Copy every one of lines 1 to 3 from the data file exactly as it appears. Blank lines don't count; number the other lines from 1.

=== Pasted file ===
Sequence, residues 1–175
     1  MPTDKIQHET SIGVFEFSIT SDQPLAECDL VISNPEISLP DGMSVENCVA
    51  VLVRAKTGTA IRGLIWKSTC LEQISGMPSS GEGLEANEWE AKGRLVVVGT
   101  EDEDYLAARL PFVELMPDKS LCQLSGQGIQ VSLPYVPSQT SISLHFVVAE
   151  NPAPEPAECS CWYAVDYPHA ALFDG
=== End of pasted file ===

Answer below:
Sequence, residues 1–175
     1  MPTDKIQHET SIGVFEFSIT SDQPLAECDL VISNPEISLP DGMSVENCVA
    51  VLVRAKTGTA IRGLIWKSTC LEQISGMPSS GEGLEANEWE AKGRLVVVGT